For now the scare over the coronavirus seems to be a world away. Pray it stays that way.
In reporting that no cases have been found in South Carolina, the S.C. Department of Health and Environmental Control said it is closely monitoring developments concerning cases of the virus. DHEC this past week briefed members of the state legislature and issued an update on activities related to the virus:
“This is a rapidly evolving public health event, and DHEC takes every new infectious disease very seriously. As the state’s lead public health agency, we are taking proactive steps to be prepared for potential cases in South Carolina, including remaining updated on and following the latest Centers for Disease Control and Prevention recommendations related to surveillance, evaluation, and response.
“Coronaviruses are a large family of viruses that cause respiratory infections ranging from the common cold to more serious diseases such as pneumonia. Outbreaks of novel virus infections are public health concerns. The possible risk of 2019-nCoV infections in South Carolina depends on multiple factors, including the likelihood of travelers from affected areas, how easily the virus may spread from person to person and others of which are still unknown with 2019-nCoV. Although the potential of human-to-human spread raises the level of concern in the U.S., the CDC believes the risk to the American public remains low at this time.”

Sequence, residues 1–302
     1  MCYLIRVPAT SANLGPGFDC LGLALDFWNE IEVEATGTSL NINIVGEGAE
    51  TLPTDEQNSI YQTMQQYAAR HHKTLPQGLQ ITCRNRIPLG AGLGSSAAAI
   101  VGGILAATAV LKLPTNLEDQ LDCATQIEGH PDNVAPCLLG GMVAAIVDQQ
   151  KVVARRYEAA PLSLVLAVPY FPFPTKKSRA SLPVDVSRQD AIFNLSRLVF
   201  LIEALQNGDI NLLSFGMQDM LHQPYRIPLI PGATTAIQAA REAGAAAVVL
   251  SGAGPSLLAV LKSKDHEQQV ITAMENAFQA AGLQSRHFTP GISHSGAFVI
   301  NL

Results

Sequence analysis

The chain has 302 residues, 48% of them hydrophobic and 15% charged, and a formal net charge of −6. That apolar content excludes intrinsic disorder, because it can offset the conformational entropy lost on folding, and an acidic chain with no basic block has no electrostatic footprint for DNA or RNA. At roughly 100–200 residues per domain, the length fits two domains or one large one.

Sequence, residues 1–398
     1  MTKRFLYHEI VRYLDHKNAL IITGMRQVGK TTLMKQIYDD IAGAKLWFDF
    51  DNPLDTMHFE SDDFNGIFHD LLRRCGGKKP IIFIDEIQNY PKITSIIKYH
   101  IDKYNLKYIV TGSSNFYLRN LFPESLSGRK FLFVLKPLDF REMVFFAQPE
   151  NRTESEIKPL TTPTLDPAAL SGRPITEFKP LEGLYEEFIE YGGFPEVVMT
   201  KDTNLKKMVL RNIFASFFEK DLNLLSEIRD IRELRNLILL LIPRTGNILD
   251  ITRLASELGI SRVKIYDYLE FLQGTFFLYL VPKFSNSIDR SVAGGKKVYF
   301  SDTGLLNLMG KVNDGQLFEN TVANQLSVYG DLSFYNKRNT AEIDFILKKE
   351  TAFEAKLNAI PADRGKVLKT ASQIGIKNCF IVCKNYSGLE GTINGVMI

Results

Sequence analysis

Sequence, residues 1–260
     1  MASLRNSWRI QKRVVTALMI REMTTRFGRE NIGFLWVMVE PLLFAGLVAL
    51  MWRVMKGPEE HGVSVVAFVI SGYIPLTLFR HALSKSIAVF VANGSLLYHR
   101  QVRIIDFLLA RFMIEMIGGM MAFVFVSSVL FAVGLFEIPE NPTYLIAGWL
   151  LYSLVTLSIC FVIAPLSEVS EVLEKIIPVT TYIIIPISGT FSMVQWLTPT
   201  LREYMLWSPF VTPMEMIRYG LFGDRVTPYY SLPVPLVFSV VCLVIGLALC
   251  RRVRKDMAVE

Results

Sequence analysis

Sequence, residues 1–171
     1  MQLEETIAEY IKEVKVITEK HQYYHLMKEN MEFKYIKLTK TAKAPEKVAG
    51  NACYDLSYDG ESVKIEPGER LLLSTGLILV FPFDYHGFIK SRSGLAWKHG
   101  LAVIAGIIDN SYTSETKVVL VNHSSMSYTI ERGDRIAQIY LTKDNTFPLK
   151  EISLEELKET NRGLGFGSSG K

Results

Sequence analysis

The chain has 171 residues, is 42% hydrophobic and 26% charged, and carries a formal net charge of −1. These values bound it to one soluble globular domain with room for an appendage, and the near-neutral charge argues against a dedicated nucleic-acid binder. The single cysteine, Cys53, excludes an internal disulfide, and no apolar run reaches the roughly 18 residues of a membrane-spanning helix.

A primary recommendation from DHEC involves avoiding all nonessential travel to China, where the virus is having serious impact. But DHEC is recommending no additional precautions at this time “beyond the simple daily precautions that everyone should always take steps to stop the spread of illness, including getting the flu vaccine, washing your hands, covering your cough, and appropriately disposing tissues and other items contaminated with respiratory droplets.”
Let’s reinforce the importance of “those simple daily precautions” in the context of a threat that remains very real here – the flu.
According to CDC nationwide numbers in late January, more than 13 million people have been sick with the flu this year, at least 5.9 million have been to the doctor because of flu. More than 6,500 people have died.
Remember, there is no effective cure for the flu virus. Medications can only mitigate the illness’ effects. But unlike with coronavirus, there is a vaccination that can make contracting the flu far less likely.
It’s not too late. The CDC warns that flu season could last several months longer. While monitoring coronavirus, take an effective step against a real and present threat to yourself and others: Get a flu shot.
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